Tuesday, September 19, 2006
Gore: GHG emissions freeze needed now
September 19, 2006
Gore Calls for Immediate Freeze on Heat-Trapping Gas Emissions
By ANDREW C. REVKIN
Former Vice President Al Gore called yesterday for a popular movement in the United States to seek an “immediate freeze” in heat-trapping smokestack and tailpipe gases linked by most scientists to global warming.
Speaking at the New York University law school, Mr. Gore said that rising temperatures posed an enormous threat and that only a movement akin to the nuclear freeze campaign for arms control a generation ago, which he said he opposed at the time, would push elected officials out of longstanding deadlock on the issue.
“Merely engaging in high-minded debates about theoretical future reductions while continuing to steadily increase emissions represents a self-delusional and reckless approach,” Mr. Gore said. “In some ways, that approach is worse than doing nothing at all, because it lulls the gullible into thinking that something is actually being done, when in fact it is not.”
President Bush has opposed requiring cuts in heat-trapping gases like carbon dioxide, saying a better payoff will come from a long-term effort to find or improve technologies that provide energy without emissions. The White House last night defended that approach.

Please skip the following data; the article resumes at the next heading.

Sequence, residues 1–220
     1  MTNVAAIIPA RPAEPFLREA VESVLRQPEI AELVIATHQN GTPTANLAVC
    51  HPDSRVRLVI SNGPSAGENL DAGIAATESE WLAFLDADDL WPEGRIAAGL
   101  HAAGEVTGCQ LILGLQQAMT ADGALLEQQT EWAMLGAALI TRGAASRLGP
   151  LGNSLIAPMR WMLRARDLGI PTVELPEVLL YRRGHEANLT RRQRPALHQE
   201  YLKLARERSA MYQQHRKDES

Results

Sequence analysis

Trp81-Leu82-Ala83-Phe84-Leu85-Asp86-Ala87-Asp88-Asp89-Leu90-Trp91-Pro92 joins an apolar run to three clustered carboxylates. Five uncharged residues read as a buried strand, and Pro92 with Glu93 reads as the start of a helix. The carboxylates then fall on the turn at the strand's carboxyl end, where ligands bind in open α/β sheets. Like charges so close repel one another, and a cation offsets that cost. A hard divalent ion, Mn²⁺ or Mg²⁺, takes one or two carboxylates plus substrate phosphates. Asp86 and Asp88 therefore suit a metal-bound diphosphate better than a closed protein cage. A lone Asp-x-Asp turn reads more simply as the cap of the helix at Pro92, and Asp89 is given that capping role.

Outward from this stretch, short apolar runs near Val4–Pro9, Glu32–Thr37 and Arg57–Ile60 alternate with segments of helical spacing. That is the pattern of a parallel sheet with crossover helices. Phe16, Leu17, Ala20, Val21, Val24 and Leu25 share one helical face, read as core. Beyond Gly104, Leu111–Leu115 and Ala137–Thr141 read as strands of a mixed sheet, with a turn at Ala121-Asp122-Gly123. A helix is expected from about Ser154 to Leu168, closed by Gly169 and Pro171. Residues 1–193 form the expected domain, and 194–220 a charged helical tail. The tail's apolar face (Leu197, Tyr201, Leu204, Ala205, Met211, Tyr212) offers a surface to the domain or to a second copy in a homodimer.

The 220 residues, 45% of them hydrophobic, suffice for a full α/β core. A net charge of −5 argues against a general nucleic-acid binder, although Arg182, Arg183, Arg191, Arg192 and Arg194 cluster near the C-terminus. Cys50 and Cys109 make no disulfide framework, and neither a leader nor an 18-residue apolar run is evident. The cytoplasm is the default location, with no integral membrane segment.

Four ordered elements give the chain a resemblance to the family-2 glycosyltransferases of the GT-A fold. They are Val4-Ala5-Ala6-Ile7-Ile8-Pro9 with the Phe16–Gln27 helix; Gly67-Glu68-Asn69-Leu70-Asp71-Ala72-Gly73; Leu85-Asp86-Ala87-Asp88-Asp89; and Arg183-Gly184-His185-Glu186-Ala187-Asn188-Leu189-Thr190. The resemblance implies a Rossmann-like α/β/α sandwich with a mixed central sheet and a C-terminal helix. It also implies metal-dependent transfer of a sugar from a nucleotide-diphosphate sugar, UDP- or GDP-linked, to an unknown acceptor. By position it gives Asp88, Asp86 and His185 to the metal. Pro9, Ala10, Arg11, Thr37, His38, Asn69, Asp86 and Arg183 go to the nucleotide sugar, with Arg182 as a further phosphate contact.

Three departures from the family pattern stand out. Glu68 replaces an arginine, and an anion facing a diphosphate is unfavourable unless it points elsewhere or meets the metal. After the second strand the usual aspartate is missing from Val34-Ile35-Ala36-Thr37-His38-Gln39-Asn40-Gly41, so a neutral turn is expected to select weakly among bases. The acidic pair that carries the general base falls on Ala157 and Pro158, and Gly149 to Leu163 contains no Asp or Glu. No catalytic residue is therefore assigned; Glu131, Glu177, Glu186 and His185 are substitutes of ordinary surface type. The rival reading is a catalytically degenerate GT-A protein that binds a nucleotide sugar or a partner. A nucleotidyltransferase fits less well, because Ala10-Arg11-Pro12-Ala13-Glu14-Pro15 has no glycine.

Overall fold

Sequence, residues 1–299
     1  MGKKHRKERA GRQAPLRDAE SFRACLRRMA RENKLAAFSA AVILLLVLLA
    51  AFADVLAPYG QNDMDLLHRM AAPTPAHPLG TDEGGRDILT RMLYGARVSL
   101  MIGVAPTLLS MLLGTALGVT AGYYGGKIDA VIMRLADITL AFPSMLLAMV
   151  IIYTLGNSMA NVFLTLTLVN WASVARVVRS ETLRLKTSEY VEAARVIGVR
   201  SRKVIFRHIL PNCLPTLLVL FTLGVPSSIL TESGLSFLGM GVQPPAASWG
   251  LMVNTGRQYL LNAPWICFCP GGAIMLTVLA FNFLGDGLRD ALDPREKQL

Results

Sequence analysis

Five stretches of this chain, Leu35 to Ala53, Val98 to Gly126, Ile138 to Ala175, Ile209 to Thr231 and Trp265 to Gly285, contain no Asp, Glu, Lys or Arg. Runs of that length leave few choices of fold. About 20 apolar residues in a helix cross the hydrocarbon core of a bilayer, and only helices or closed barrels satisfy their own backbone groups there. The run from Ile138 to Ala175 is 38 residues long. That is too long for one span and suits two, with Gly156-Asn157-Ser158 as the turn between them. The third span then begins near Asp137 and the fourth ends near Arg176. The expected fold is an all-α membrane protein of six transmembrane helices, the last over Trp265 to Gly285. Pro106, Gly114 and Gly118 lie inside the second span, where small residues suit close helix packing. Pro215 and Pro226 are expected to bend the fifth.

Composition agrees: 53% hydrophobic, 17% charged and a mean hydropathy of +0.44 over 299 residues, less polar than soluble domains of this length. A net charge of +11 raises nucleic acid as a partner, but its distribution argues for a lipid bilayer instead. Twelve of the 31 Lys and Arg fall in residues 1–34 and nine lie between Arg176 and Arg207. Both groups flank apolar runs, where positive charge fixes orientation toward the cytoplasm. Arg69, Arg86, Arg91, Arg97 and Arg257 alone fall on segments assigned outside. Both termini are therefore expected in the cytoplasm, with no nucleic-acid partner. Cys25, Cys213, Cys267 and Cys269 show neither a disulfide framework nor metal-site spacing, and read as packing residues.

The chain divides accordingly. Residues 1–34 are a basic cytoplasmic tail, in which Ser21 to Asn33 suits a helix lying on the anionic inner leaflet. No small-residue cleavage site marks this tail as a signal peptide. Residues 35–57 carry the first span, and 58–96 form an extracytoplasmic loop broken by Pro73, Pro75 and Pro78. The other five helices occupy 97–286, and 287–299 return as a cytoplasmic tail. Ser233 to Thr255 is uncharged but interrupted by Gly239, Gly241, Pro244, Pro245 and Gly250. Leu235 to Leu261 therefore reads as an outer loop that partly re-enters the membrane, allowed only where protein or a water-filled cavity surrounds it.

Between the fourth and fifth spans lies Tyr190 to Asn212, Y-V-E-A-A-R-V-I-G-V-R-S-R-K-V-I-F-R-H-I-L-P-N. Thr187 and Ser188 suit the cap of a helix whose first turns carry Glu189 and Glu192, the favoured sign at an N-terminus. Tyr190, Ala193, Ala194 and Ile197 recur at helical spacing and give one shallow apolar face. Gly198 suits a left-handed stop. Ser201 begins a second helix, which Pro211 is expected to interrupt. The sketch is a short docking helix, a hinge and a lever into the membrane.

“This administration is not just talking about climate change,” said Kristen A. Hellmer, a White House spokeswoman. “There are more than 60 programs in place aimed at reducing greenhouse gas emissions that do not hurt the economy or move jobs overseas.”
Senator James M. Inhofe, Republican of Oklahoma and chairman of the Environment and Public Works Committee, said the Gore proposals would create “economic calamity.”
Several representatives of industry groups said yesterday that the White House had been consulting with industry officials to consider a new energy initiative.
In his speech, Mr. Gore also renewed a longstanding proposal to replace all payroll taxes with taxes on pollution, including carbon dioxide. And he said the United States should rejoin the Kyoto Protocol, the climate treaty, rejected by President Bush that requires industrialized countries to cut emissions.
Mr. Gore has ridden a wave of attention since spring over “An Inconvenient Truth,” the popular film and best-selling book built around an illustrated talk on what he calls a “planetary emergency.”
His speech in Manhattan came ahead of a burst of planned discourse on global warming this week, including five Congressional hearings and three days of workshops at the Clinton Global Initiative, which are intended to solve the biggest problems hampering international development.
Philip E. Clapp, the president of the National Environmental Trust, a Washington group pressing for limits on heat-trapping gases, said he welcomed Mr. Gore’s speech.
“There is no excuse anymore to continue to increase our emissions,” Mr. Clapp said.